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Austrians can't agree on what to do with the apartment where Hitler was born

Sebastian Cahill   

Austrians can't agree on what to do with the apartment where Hitler was born
  • The apartment where Adolf Hitler was born is now the subject of fierce public debate.
  • Braunau am Inn in Austria is set to become a police station.

For years now, Braunau am Inn, Austria, has been embroiled in a debate about how to deal with one of its most infamous buildings — the birthplace of dictator Adolf Hitler.

Locals and public officials have very different ideas about what should be done with the space — and ultimately about how Austria itself reckons with its role in one of history's darkest times.

Hitler was born in Braunau am Inn in 1889 and lived there for only a few months. His parents' apartment in the town was on the second floor of a building, above a local bar called the Stag, local historian Florian Kotanko told NPR.

When Hitler was in power during World War II, the apartment was used as an art gallery and library, per NPR. During the same time period, it became a pilgrimage spot for his devotees.

After being boarded up for years after the war, it was a bank and a school. Finally, before its purchase by the Austrian government in 2019, it was a center for people with special needs.

This October, the government began developing the building into a police station set to open in 2026.

But even with the plans firmly in motion, a poll showed 53% of Austrians wished the site would be turned into an educational and historical site that addressed the history of National Socialism, especially in Austria, and anti-fascist measures, per the Guardian.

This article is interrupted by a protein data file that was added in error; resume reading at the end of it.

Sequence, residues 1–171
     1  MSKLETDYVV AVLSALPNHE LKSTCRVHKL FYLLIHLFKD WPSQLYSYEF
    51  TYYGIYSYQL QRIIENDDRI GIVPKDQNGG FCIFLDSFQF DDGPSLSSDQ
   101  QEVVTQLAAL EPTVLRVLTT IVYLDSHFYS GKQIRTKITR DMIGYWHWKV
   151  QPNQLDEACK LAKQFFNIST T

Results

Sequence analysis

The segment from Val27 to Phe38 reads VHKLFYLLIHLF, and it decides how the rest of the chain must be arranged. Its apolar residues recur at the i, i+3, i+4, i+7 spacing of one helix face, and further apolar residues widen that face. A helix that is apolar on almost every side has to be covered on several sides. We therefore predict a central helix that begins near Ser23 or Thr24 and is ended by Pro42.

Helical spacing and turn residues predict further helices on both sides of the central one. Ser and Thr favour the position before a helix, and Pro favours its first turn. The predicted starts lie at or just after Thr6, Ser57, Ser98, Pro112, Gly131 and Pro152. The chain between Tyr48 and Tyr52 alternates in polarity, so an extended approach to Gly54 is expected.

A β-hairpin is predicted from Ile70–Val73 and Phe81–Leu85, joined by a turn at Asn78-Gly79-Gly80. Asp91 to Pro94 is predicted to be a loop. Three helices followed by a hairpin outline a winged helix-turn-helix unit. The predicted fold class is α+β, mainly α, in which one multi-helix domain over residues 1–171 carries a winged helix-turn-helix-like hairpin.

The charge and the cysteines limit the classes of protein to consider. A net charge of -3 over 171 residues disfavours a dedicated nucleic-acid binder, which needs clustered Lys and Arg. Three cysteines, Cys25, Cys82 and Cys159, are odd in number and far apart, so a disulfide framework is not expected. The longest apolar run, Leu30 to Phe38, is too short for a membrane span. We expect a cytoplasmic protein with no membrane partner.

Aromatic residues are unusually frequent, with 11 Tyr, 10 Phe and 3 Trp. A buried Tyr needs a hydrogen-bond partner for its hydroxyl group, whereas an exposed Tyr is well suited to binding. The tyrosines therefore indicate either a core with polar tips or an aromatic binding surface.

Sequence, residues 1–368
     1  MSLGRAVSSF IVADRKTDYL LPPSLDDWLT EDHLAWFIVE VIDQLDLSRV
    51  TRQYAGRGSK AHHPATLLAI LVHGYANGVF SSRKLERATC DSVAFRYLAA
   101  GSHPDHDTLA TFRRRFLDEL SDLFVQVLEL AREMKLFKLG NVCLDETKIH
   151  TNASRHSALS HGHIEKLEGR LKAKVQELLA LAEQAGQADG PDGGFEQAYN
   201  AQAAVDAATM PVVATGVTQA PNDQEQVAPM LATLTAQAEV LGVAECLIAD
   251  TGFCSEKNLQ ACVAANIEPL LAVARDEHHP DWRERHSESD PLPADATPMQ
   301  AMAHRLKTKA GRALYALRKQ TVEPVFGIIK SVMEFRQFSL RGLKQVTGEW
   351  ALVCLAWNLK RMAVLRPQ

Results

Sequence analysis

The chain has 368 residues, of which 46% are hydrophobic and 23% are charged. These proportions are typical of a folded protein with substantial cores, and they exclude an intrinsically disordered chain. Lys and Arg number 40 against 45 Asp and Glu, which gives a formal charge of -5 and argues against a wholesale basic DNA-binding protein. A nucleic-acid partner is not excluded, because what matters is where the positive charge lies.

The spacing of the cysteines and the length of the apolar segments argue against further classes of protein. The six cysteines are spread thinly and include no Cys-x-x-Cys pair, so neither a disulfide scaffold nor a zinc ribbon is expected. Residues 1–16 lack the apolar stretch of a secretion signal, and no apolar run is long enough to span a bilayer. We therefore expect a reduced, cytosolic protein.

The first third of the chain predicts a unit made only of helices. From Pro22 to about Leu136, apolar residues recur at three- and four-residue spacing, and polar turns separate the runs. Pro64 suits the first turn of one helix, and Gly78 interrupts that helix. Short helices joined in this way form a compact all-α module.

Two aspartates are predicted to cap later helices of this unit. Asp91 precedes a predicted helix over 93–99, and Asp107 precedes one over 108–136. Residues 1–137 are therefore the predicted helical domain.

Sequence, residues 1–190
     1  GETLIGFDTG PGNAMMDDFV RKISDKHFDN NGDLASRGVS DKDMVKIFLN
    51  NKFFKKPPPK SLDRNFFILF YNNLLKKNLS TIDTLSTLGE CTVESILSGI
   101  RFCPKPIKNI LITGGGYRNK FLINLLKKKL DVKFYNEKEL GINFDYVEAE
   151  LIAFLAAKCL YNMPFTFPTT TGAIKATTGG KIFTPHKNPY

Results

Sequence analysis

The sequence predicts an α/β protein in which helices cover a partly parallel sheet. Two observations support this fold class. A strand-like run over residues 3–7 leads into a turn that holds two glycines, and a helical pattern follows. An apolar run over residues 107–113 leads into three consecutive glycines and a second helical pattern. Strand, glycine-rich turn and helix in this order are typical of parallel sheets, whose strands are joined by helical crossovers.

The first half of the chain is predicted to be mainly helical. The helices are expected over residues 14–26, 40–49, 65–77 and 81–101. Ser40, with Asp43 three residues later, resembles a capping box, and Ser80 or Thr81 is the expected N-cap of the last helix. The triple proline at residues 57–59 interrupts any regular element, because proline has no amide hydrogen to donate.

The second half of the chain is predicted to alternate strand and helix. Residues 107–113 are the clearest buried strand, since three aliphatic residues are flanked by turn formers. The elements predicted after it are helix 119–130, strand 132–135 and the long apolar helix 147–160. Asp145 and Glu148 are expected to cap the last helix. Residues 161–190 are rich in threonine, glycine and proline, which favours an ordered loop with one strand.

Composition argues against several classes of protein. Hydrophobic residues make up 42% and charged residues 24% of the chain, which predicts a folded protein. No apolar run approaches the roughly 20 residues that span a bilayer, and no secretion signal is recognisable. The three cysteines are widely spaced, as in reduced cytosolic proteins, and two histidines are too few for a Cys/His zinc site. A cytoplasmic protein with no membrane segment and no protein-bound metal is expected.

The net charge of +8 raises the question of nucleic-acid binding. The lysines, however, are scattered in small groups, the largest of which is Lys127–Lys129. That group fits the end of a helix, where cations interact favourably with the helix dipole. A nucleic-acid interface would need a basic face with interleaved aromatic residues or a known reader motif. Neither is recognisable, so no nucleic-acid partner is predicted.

Another 20% of residents worry that while the building stands, it could serve as a sort of shrine for neo-Nazis or far-right political parties, and wish it would be torn out altogether.

But a government commission worried that tearing it down would be seen as a denial of Austria's involvement with Nazis, per the Guardian.

The Austrian Commission on the Historically Correct Treatment of Adolf Hitler's Birthplace said in its final report that the building should not be associated with Hitler to deprive it of "its symbolic power," per the New York Times.

Resident Annette Pommer called the building of a police station a "missed opportunity," per the Times. "It should be about how people become Hitler. It's not a house of evil. It's just a house where a child was born. But it's right to explain what became of that child."

Another, Austrian filmmaker Günter Schwaiger, agreed, saying the site could show how Nazis came from ordinary places.

"To close the doors of the house and to change the facade means only to continue the politics of repression of the truth," he told the Times. "This house — as a symbol for a normal place in a normal little city — stands for the fact that Nazis didn't come from outside or from 'another planet.' They came from our midst."

Residents say it's important for Austrians to accept the country's role in Hitler's abuses, despite some resistance at the time.

"You should never forget the beginning — that's the thing — and be aware of when things are getting problematic, and they are nowadays," Eveline Doll, a native of the town, told the Times.




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